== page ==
Helen Frankenthaler

American, 1928-2011

Painted Book Cover, 1971, Acrylic on canvas bound book, 10 7/8 x 11 1/2 x 1 1/2 inches

SOLD  Untitled No. 2,   Acrylic on paper, 1960, 32 1/2 x 26 1/2 inches

SOLD Untitled No. 2, Acrylic on paper, 1960, 32 1/2 x 26 1/2 inches

SOLD Tales of Genji I, Woodcut in color, 1998, 42 x 47 inches

SOLD Bay Area Tuesday III, Monotype with added paper collage, oil and acrylic on White Experimental Workshop handmade paper, 1982, 24 3/4 x 28 3/4 inches

Helen Frankenthaler was an abstract expressionist painter and major contributor to the history of postwar American art.  With an exhibition career spanning for over six decades, she continued to create vital and ever-changing new work across several generations.  She began showing her large-scale paintings in museums and galleries in the early 1950s. She was included in the 1964 exhibition Post-Painterly Abstraction curated by Clement Greenberg, which introduced a newer generation of abstract painting that came to be known as Color Field.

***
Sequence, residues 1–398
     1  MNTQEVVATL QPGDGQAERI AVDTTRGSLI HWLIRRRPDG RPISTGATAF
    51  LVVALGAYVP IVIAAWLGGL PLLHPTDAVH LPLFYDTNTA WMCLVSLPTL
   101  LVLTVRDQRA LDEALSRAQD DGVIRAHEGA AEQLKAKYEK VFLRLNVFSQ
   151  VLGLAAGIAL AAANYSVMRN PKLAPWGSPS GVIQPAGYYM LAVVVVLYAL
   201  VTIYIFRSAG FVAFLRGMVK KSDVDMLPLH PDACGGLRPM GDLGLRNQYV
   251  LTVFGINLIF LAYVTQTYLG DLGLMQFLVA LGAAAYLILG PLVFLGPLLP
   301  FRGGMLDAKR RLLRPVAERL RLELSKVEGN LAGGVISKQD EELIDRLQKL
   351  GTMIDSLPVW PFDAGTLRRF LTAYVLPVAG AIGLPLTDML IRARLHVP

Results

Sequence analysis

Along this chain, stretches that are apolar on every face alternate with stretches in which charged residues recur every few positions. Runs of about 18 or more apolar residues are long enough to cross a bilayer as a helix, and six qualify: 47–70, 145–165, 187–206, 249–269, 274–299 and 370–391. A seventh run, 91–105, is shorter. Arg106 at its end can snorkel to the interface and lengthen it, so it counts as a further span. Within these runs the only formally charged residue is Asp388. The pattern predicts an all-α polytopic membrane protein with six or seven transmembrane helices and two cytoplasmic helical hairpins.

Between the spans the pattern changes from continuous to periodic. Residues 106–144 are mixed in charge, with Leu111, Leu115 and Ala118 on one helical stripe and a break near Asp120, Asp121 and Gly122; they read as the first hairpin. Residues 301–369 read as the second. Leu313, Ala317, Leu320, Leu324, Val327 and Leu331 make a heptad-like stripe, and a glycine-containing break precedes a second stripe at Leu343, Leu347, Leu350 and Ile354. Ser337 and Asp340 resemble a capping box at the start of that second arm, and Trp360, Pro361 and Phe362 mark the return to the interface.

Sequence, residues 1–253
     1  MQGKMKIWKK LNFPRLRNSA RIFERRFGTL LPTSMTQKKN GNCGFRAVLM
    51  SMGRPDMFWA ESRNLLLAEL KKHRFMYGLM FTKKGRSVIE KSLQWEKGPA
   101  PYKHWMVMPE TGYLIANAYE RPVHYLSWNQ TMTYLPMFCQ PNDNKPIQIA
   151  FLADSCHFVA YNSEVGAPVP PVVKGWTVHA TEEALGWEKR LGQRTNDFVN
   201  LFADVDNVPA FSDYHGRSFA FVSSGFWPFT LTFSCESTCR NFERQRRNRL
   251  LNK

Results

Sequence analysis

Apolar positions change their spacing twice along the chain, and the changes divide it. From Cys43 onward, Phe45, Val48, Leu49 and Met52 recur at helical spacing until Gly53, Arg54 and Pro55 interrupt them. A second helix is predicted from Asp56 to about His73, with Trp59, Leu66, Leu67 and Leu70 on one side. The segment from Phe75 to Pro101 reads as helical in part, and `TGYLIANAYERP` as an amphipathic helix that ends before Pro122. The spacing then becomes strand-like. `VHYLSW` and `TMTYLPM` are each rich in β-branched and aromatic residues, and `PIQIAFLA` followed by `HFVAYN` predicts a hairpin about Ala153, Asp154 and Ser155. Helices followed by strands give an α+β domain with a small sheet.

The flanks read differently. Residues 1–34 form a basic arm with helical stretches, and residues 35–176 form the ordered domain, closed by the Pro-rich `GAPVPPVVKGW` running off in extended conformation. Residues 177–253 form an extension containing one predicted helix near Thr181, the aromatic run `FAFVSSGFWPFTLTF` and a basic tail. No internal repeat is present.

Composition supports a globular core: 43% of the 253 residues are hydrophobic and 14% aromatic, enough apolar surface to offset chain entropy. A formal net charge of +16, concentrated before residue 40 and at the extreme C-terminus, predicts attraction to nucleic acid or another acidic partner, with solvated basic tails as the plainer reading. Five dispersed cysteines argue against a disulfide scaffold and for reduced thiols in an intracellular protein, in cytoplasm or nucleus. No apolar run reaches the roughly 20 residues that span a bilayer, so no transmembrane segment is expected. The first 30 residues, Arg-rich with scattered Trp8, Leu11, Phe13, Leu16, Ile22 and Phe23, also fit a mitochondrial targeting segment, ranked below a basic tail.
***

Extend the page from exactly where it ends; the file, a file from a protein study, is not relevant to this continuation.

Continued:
Helen was born in New York City in 1928.   Her father was Alfred Frankenthaler, a respected New York State Supreme Court judge.  Helen grew up on Manhattan’s Upper East Side, a fortunate upbringing in a cultured and progressive Jewish intellectual family that encouraged their three daughters to aim for professional careers.

Frankenthaler studied under muralist Rufino Tamayo at the Dalton School and later studied at Bennington College in Vermont.  While at Bennington, her mentor was Paul Feeley, who is credited with developing her understanding of pictorial composition and influencing her early cubist style.  After graduating in 1949, she studied privately with Wallace Harrison and Hans Hofmann. She met Clement Greenberg in 1950 and they had a relationship for five years.  Later, she married Robert Motherwell in 1958. They divorced in 1971, but during their relationship they were known as “the golden couple” for their mutual wealthy upbringing and their lavish entertaining.

Frankenthaler’s style is difficult to broadly characterize.  As an active artist for nearly sixty years, she experienced many phases and stylistic evolutions.  Her work is identified by the use of fluid shapes, abstract masses, and lyrical gestures. She put much value in spontaneity, saying “A really good picture looks as if it’s happened at once.”

In 1960, Frankenthaler’s work was labeled under the term Color Field painting.  This refers to large areas, or fields, of a single color on the canvas. This style involves hues that are similar in tone or intensity, as well as large formats with simple compositions.  The Color Field artists differentiated themselves from the Abstract Expressionists because they eliminated the emotional, mythical, or religious content of the earlier generations.